Oil-Centric Houston to Experiment With (Coal-Powered) Electric Cars

Houston has long enjoyed its status as America’s oil capital, the type of city where the local Petroleum Club threw a $100,000 gala during a period of then-record high gas prices. But things are changing, thanks to a light rail system that is exceeding ridership predictions and encouraging pedestrian-friendly development.

260xStory.jpgOne of Houston’s new charging stations for plug-in hybrid vehicles. (Photo: Chronicle)

The
city’s latest attempt to break from its oil-centric culture: charging
stations for plug-in hybrid vehicles. Houston Mayor Bill White
yesterday announced
a partnership with utility Reliant Energy to convert 10 Toyota Priuses
from the city’s vehicle fleet into plug-in hybrids, while installing 10
electric charging stations that would be open to the public at a small
cost.

“We’re committed to making Houston the nation’s green
energy capital,” White said in a statement on the Reliant deal. “That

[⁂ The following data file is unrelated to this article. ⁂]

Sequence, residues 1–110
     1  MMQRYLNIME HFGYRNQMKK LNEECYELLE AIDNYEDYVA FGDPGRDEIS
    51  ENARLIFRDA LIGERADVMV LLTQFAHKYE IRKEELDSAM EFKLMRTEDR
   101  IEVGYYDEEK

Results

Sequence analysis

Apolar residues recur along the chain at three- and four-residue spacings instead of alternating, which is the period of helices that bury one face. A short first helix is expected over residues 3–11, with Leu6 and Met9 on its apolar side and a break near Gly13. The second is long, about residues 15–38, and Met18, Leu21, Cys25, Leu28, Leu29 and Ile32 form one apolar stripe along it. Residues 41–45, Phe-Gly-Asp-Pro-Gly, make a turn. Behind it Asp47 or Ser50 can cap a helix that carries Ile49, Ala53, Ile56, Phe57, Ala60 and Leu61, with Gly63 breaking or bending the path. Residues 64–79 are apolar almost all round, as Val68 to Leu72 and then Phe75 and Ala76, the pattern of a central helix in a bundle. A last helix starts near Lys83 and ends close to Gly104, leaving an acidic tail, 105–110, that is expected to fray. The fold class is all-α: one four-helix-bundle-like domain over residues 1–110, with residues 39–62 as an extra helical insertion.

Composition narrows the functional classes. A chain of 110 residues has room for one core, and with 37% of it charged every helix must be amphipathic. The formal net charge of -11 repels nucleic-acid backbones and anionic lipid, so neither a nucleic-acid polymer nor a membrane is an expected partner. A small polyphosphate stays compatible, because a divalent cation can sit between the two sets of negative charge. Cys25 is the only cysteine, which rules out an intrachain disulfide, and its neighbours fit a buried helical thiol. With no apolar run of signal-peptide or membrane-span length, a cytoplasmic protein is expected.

commitment begins at City Hall and these clean-running electric cars
and the charging stations that will be available to all Houstonians
will get us farther down that road.”

The Wall Street Journal was elated by the city’s small-scale move, writing:

Unlike in green urbs like San Francisco or Seattle, it’s all but
impossible to live here without wheels — so they might as well be
electric. It will probably be cheaper and easier to electrify urban
sprawl than rein it in altogether.

Houston’s electrified light rail got no mention in the piece, though
the Journal did call the city’s power network "fairly clean." Indeed,
Texas has seen some growth in wind and other clean energy sources –
the federal government recently ranked it No. 5 for state renewable power generation — but Reliant’s record is hardly spotless.

In 2007, the same year that Texas got its No. 5 ranking, the state of New Jersey filed a lawsuit
against Reliant’s mid-Atlantic division, charging the company with
violating the Clean Air Act by modifying a coal-fired power plant in
Pennsylvania to increase its pollution levels.

“It
seems that we cannot rely on Reliant, except to put the public in
harm’s way," Lisa Jackson, then New Jersey’s environmental protection
chief, said at the time of the lawsuit. Jackson has since become the
chief of the Obama administration’s Environmental Protection Agency.